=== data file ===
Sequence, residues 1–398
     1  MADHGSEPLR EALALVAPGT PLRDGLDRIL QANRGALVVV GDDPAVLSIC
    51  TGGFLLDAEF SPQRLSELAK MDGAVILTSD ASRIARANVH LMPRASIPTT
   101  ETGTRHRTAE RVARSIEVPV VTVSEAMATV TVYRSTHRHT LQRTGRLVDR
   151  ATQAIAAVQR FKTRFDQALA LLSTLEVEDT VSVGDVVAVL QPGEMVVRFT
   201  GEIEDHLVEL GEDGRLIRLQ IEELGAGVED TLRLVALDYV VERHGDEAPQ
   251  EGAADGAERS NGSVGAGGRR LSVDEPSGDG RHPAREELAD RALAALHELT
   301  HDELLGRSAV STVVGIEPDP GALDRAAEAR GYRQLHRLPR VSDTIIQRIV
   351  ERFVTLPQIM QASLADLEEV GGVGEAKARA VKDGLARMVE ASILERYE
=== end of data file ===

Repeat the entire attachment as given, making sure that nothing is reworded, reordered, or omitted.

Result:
Sequence, residues 1–398
     1  MADHGSEPLR EALALVAPGT PLRDGLDRIL QANRGALVVV GDDPAVLSIC
    51  TGGFLLDAEF SPQRLSELAK MDGAVILTSD ASRIARANVH LMPRASIPTT
   101  ETGTRHRTAE RVARSIEVPV VTVSEAMATV TVYRSTHRHT LQRTGRLVDR
   151  ATQAIAAVQR FKTRFDQALA LLSTLEVEDT VSVGDVVAVL QPGEMVVRFT
   201  GEIEDHLVEL GEDGRLIRLQ IEELGAGVED TLRLVALDYV VERHGDEAPQ
   251  EGAADGAERS NGSVGAGGRR LSVDEPSGDG RHPAREELAD RALAALHELT
   301  HDELLGRSAV STVVGIEPDP GALDRAAEAR GYRQLHRLPR VSDTIIQRIV
   351  ERFVTLPQIM QASLADLEEV GGVGEAKARA VKDGLARMVE ASILERYE